…look no further than the FDA, which is a bureaucratic behemoth that threatens public health, stifles drug innovation, and keeps costs high. As I argue in my column this week for Defining Ideas, if the Supreme Court upholds Obamacare, we can look to the FDA for our model of what government-run care will look like.
In his recent article in National Affairs, “Changing the FDA’s Culture,” Dr. Scott Gottlieb rightly takes the FDA to task for its retrograde attitudes on the approval of new drugs for sale in the United States market. But he is far too kind to the FDA. Its culture is beyond repair by external exhortation. The FDA is a bureaucratic monopolist. Currently, in the name of protecting the American public, the FDA represents a major systematic threat to drug innovation and public health. It should be stripped of its power to block the entry of new drugs and medical devices into general use.
In making his case for a more modest response, Gottlieb begins with a story of the drug Elaprase, which has been used since 2006 to treat Hunter’s Syndrome, a horrific but rare children’s disease. The disease is caused by the want of a single enzyme needed to break down sugar molecules inside the body. As sugar molecules build up in concentration, the disease cripples and often kills children from a very young age.
As Gottlieb notes, progress against the disease was slow, and the first signs of real hope appeared in the early 2000s when researchers found a way to develop enzyme replacements in related enzyme deficiency diseases. When Elaprase first became available in 2004, the sensible response for the FDA would have been to ensure that the product did not kill patients at small dosages, and then to let it into the marketplace, with due notification of its experimental nature and any known side effects.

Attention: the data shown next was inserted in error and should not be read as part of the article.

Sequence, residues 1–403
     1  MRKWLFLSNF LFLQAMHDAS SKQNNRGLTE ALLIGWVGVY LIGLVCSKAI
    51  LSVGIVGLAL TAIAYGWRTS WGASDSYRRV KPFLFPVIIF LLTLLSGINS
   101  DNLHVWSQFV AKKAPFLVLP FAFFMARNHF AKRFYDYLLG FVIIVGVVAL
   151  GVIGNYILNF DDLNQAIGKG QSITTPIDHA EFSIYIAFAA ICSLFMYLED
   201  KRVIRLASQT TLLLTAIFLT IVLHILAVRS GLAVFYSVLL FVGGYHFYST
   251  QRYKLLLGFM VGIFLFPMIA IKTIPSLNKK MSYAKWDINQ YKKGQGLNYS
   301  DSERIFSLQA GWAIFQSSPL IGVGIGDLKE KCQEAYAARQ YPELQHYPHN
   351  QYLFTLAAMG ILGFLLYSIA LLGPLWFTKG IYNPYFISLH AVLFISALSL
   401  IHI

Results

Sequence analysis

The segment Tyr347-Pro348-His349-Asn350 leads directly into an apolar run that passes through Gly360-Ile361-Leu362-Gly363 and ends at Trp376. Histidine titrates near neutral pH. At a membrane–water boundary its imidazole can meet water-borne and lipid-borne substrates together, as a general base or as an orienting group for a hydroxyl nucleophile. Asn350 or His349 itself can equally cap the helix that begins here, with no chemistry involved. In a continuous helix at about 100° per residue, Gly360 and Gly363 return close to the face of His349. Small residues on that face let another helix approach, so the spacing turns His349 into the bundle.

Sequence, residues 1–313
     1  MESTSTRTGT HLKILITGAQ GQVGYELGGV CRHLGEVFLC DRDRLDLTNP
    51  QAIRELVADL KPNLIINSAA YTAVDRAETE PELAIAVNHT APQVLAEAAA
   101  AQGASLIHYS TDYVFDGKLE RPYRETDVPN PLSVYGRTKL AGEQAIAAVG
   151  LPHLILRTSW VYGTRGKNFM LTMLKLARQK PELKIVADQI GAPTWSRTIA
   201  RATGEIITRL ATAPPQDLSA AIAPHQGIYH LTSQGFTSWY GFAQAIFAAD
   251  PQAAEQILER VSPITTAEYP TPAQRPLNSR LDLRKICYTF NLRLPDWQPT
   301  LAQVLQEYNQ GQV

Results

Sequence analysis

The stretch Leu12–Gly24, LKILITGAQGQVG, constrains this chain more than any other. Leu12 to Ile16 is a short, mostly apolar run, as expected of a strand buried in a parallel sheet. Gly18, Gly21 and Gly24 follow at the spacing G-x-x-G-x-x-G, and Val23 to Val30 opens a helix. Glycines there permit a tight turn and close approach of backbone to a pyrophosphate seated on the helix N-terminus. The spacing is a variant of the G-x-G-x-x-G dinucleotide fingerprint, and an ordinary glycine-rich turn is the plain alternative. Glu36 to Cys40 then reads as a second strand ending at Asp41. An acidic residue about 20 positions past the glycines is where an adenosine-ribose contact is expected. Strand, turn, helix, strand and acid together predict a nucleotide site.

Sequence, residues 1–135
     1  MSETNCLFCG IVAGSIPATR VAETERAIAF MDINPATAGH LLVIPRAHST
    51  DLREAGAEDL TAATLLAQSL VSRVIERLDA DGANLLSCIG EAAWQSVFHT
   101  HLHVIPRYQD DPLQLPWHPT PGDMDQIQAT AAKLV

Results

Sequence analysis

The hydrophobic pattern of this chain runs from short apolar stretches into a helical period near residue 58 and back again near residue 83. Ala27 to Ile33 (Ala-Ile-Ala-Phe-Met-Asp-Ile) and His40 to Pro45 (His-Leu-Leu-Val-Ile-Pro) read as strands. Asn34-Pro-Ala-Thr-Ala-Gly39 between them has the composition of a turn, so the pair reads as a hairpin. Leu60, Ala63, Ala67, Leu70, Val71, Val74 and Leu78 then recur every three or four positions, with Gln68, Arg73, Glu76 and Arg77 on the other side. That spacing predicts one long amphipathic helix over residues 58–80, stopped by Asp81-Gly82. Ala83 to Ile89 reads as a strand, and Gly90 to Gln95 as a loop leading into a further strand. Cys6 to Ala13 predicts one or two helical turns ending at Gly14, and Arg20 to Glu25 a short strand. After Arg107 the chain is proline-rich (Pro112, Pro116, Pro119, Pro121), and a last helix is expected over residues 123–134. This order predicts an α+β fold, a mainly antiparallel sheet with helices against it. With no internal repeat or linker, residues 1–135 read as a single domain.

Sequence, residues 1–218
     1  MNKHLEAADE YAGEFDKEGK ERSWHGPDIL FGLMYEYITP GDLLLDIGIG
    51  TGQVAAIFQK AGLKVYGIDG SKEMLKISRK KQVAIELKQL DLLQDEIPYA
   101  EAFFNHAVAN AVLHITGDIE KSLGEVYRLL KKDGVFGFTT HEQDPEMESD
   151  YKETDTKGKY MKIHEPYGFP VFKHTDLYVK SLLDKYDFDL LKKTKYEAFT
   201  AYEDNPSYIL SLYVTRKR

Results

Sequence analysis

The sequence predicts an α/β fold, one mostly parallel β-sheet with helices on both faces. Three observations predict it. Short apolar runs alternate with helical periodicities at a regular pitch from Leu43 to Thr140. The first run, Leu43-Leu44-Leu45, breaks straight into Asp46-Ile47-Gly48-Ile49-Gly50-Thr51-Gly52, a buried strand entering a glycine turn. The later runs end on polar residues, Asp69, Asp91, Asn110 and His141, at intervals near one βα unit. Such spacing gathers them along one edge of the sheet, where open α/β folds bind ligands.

The logic behind this position is as follows: First, the deadly course of Hunter’s syndrome has been well documented; second, there is virtually no downside in giving the drug to afflicted children who have literally no other alternative. The desperate parents were not fools. They were likely advised by the finest doctors. They were able to network with other families to swap information about the course of the disease during treatment. They knew how to calculate the expected value of a new treatment. That ex-ante calculation was strongly positive even if the drug had adverse side effects and did not work in many cases. A ten percent chance of saving a child is greater than no chance at all. Get the drug out there, and if it does not work, it will be rejected by the market. If it does work, it will save dozens or hundreds of lives.
But the FDA marches to the beat of a different drummer. Its institutional blindness, masquerading as science, ultimately costs lives, as I explain further over at Defining Ideas.